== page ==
Prison Programme Evaluations
Safe Ground understands the importance of evaluation and have committed to a rolling programme of independent research over the lifetime of both Family Man and Fathers Inside. Our programmes are constantly being developed and refined in response to this research to ensure that the needs of prisoners and their families are always at the forefront of what we do.
Additionally, the programmes have featured as case studies in a number of good practice reports by the Fatherhood Institute, Prisoners Education Trust, the Family Strategic Partnership and New Philanthropy Capital.
How do we know the programmes work?
The NOMS / Safe Ground programmes aim to address the complex needs of male offenders and our evaluations demonstrate how we accomplish this.
Both programmes are mapped to a number of NOCN awards, requiring the student to complete a range of written, spoken and group activities in order to achieve accreditation.
In 2009 we commissioned Professor McGuire to evaluate the Family Man programme and to write a Theory Manual based on his findings. He reviewed the course content and identified a process of change which students will go through as a result of participating in the programme.
There is a clear “educational element, grounded in a process of cognitive change, progressively activated by a series of structured learning exercises”. The same teaching techniques are employed in the Fathers Inside manual and part of our research plan over the next two years involves establishing how far these positive changes take place in FI as well.
Professor Boswell conducted a review of the educational content of our programmes in 2006 and concluded “the drama based and experimental nature of this learning has been shown to raise the levels of confidence of groups of men, many of whom may previously have had only negative experiences of education and none of educational achievement.”
Employability and Personal Development
Family Man and Fathers Inside provide the vital first step towards improving students’ employability skills by encouraging teamwork, responsibility, listening and confidence.
The Family Man Theory Manual produced by McGuire also identified two other processes for cognitive change. “A personal development element: engendered by the use of drama-based, interactive ingredients that promote individual insight and re-evaluation of attitudes and beliefs concerning families” and “an interactive element: generated through activation of processes of interpersonal dynamics shown to be vital in engagement and operative in structured groups and allied contexts”.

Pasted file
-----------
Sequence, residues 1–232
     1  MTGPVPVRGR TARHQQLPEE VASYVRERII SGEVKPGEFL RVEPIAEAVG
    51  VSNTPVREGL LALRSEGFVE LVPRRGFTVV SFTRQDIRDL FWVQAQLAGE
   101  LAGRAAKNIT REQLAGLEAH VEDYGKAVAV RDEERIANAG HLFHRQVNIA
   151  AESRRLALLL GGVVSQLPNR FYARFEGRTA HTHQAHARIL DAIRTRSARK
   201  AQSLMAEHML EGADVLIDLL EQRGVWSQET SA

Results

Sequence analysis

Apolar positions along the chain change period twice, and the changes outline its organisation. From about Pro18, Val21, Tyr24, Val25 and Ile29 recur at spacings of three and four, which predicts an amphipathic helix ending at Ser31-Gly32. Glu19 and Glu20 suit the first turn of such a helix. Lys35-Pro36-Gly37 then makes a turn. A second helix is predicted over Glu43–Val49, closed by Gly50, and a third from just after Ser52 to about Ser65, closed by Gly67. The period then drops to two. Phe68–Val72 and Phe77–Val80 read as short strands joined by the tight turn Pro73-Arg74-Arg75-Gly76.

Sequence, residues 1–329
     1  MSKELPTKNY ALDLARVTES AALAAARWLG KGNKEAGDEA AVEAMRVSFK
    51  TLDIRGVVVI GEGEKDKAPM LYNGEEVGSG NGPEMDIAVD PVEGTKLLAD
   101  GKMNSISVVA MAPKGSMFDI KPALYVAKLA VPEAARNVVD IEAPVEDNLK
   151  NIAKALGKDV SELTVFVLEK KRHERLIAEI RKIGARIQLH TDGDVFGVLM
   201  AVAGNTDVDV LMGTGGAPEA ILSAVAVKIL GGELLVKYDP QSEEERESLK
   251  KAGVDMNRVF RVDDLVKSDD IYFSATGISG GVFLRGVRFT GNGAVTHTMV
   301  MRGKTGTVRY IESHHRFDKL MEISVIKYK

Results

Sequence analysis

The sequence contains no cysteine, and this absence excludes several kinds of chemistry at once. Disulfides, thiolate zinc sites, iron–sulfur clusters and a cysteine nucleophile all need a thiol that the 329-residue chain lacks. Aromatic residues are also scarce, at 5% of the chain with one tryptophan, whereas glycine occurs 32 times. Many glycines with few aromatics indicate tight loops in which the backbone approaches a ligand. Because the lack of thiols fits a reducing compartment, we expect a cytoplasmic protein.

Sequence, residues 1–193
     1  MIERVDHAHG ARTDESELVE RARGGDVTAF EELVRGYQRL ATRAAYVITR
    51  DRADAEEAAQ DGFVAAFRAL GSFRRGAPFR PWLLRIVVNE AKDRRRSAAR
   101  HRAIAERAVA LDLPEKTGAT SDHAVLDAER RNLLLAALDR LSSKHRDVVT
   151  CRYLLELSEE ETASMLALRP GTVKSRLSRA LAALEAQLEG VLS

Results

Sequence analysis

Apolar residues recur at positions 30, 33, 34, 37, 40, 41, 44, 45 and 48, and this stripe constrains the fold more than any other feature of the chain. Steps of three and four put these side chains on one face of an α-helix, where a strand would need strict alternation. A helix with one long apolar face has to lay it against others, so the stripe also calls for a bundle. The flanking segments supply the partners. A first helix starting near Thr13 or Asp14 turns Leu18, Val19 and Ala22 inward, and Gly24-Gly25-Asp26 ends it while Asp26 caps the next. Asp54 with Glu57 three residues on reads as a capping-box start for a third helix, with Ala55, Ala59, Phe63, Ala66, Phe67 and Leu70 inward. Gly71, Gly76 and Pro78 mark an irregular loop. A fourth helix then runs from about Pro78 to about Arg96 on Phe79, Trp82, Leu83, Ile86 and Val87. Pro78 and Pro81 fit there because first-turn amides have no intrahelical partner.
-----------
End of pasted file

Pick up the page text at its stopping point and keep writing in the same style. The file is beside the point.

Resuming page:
“He’s a different person now. He’s realised how his behaviour has affected us, his family. What he’s had from this course is what I’ve been fighting for all his life”. Supporter
Maintaining Family Relationships
Evidence suggests that maintaining family ties within prison reduces an offenders’ chance of reoffending by 39% (DfE 2009). Both programmes tackle the sensitive issues of families and parenting in a safe and constructive way to encourage family ties and contribute towards the rehabilitation agenda.
Our most recent independent evaluation (The Family Man Impact Study, 2011, Boswell Research Fellows and the University of East Anglia) detailed the programme’s sustainable impact on developing and maintaining stronger family ties, through a focus on focus on shared goal-setting underpinned by Desistance theory.
“A big, big change… The family comes first now. Before it was always himself…. I wonder if it’s the same man I married!” – Family Supporter
Our earlier evaluations assessed the skills that students gained during the course and how far this led to an immediate change in their attitude to families / parenting. More recently we have commissioned evaluations to assess the developments of the Family Man course, in particular the Family Support Worker role and the inclusion of supporters during the course. Evaluations found that these revisions have improved the programme and led to positive outcomes for the supporters and family. (Evaluation of impact of FI at HMP Ashwell, 2004, Boswell, Wedge and Price), (Evaluation of supporters’ participation in Family Man trials, June 2009, Price) and (Evaluation of effectiveness of Family Support Worker, August 2010, Boswell).
Evaluation of Supporters Participation, Price (2009) evaluated the impact of increased family involvement in the revised Family Man (FM) programme. She found that “the involvement of supporters in FM was found to be effective in encouraging and helping to maintain family and relationship links during imprisonment”.
“I understand now how my actions affect the whole family and I’m glad now that the tools I’ve learned can assist me on becoming a better person for my family in the future” - Student
In addition we have just completed a project with National Philanthropy Capital, an organisation which helps charities to demonstrate effectiveness. The trial involved the development of a family relationship scale at HMP Belmarsh which found that FM significantly improved the relationship between a student and his supporter (from the perspective of the supporter). We have identified the next steps to develop the scale so that the prisoners’ responses can be more accurately analysed. The full report is available to download here.
Safe Ground will shortly be commissioning a new 18 month evaluation of our programmes with a desistance-based focus on long-term outcomes, attitudinal shifts and impact on prison regimes.
Details will be posted here soon.